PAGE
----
Holy Week for the rest of the Christian world was more like Hell Week for us.
Nothing tragic, but it was a week long test of my ability to remain “sunny.” As I was writing on Wednesday morning about what a rough day Tuesday had been, I had no idea that Wednesday wasn’t going to be the Hump Day I hoped it would be.
Nathan looked worse, but at first I attributed it to the virus running its course. He was on two medications and we were supposed to follow up with our pediatrician on Thursday, so I wasn’t worried.
Then 2pm came and I woke him up from his nap to go get Sarah Kate at school. Did he look worse AGAIN? I thought maybe he did. I put him in the car and drove to the school. Once we were out of the house and I could see his sores in better light, I decided he was worse. A lot worse. On the way home, I stopped at the pediatrician’s office to see if they could see us. They did, immediately, taking us to the back – and by “back” I mean WAY back – bypassing many parents and children in the waiting room.
When the doctor came in, she took photos of Nathan’s sores and informed me to go home, pack for a few days, and go to the University of South Alabama Children’s & Women’s Hospital, even though there is a good smaller hospital right across the street from her office.
Now I was worried.
Nathan was placed in another Way Back Room at the hospital, far at the end, with double doors that would alarm at the nurses’ station if opened. A washroom with boxes of gloves, duck bill masks, and disposable gowns filling the shelves separated the outer door and the inner door. We sat alone in the room for awhile until a six-person cadre of medical professionals – nurses, residents, and an attending physician – entered at once. Just before they entered, a friend texted me:
Except that they kinda were. Each of the six people crowding into our tiny room was nearly indistinguishable from the other because of the garb they all wore. Crap. We were one step above quarantine, I thought (…Do they still quarantine people?…Maybe this is actually the New Quarantine…My goodness this room is tiny…)
The rest of the evening was filled with blood sticks, nose, mouth, and lesion swabs, and starting an IV on a resistant toddler who couldn’t understand what was happening. Following the IV, around 10pm, the IV medications began – three of them, each taking 45 minutes to an hour to administer, on a six-hour rotation. I didn’t sleep at all, and just the attempt to do so on the wretched hospital furniture caused every muscle in my body to ache the next morning. This stuff wasn’t comfortable to sit on, yet I was supposed to SLEEP on it?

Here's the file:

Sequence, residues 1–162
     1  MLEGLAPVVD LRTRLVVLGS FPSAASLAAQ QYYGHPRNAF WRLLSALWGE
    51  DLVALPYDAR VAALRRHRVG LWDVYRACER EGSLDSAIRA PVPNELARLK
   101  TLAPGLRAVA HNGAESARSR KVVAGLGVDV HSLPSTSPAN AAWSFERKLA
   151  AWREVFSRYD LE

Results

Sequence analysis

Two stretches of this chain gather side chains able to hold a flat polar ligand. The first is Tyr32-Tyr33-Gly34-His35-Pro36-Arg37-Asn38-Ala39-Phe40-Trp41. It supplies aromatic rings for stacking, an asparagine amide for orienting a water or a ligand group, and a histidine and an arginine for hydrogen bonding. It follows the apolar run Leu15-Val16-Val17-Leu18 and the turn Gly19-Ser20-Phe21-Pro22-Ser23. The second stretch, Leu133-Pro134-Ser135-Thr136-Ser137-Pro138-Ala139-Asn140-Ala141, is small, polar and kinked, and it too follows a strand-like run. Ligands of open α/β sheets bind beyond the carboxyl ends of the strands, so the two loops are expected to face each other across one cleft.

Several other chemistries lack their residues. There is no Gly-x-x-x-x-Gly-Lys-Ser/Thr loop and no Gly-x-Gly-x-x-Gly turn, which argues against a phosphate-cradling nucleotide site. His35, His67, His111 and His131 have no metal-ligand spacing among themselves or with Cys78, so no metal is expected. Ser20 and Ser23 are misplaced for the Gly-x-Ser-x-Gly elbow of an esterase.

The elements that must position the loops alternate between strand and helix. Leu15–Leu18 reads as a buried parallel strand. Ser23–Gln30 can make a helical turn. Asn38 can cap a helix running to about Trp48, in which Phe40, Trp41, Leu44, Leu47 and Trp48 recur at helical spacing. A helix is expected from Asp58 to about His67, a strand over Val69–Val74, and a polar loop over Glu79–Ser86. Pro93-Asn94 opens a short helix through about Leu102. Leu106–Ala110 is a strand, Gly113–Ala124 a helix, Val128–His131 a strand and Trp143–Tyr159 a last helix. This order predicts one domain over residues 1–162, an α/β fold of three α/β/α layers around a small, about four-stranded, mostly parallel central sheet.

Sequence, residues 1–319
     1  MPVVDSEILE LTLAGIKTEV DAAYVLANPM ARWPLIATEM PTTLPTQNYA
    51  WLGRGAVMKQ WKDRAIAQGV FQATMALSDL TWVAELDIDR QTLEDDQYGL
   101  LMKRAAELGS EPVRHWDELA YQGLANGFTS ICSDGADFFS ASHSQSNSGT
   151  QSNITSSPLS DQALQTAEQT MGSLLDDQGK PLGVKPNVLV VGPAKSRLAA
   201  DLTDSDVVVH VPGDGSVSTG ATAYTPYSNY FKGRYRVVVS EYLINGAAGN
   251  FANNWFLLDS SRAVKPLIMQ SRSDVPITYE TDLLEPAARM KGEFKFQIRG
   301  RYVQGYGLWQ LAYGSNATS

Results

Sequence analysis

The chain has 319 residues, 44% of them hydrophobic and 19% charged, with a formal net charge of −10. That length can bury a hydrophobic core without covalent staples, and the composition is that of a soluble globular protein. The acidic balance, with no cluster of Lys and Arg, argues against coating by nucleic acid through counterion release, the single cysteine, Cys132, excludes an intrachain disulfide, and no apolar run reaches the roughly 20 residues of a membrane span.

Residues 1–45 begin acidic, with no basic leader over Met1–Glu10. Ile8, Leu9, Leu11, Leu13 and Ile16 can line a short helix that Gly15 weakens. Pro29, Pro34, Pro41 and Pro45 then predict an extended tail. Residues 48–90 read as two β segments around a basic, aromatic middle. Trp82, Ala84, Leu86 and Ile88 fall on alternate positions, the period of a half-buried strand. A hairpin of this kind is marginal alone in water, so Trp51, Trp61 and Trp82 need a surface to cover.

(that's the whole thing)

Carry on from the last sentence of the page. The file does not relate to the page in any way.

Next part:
Through it all, I did what moms do. I comforted. I calmed. I snuggled. And I worried.
I worried that they were wrong about it being viral. I worried that it was viral, but he could have complications. I worried that the secondary bacterial infection could get worse. I worried that he’d rip the IV out of his arm, despite the precautions taken to prevent it. But mostly, I worried about how Nathan will look after his sores heal.
Yes, that’s right. I had little fear that he would get better; call it instinct or optimism or faith or what-have-you, but I never truly doubted he’d get better, in spite of all of the medical horror stories about Down syndrome I’ve read (none of which have thus far come true). No, I choked back tears while on the phone with my mom, saying,
And as I heard myself saying it out loud, it sounded as crazy to me as it probably seems to you.
I’ve never been a vain person (I don’t think…) I don’t care much about fashion, makeup, and accessories. I decided at the age of 38 that I didn’t want to color my hair for the rest of my life, despite the fact that I went gray prematurely, so I stopped. Most of the new clothes I’ve acquired in the past five years have been running clothes. I do wear makeup – sometimes – and I haven’t “let myself go” because I’ve been this way for twenty years. Not that I take a lot of pride in my lack of vanity – I have plenty of other faults to make up for it.
But suddenly I discovered vanity within myself about my two-year-old son.
I wondered if I might be insane, or at least temporarily unable to think clearly from exhaustion. Why did it matter so much to me that Nathan might have chickenpox scars on his face? He’s a boy! He’s not going to care! Lots of people have chickenpox scars!
And then it hit me.
It has everything and nothing to do with Down syndrome. Since Nathan was born, I’ve fallen in love with the almond-shaped eyes, round faces, and flatter profiles. I especially adore the young kids who wear glasses – a weakness of mine that predates my induction into the T21 community – although I hope we dodge that obstacle, for practical reasons. But like most mothers, I look at Nathan and see the Most Exquisite of the Beautiful.
I know I’m not the first to believe that my child is more beautiful than his or her peers. Five minutes of watching “Toddlers and Tiaras” tells me that other mothers feel the same way I do (hopefully it’s not just the pageant moms and me…) I also know that lots of people will never see my son as beautiful, if they even see him at all.
But I will see him, and others in The Secret Society of T21 will see him, and I want the view to be of perfection. Because he is perfect, in every way.
And the fact that I just said he’s perfect proves that I may be insane, or at least exhausted. When I can say that about a kid who does things like this, you know it’s bad.
Yes, it’s time to plan my Great Escape.
SIDEBAR: Did you know that vaccines sometimes aren’t as effective on kids with T21? Me, neither. Nathan had the chickenpox vaccine but still got a severe case of chickenpox, and they tell me that’s why.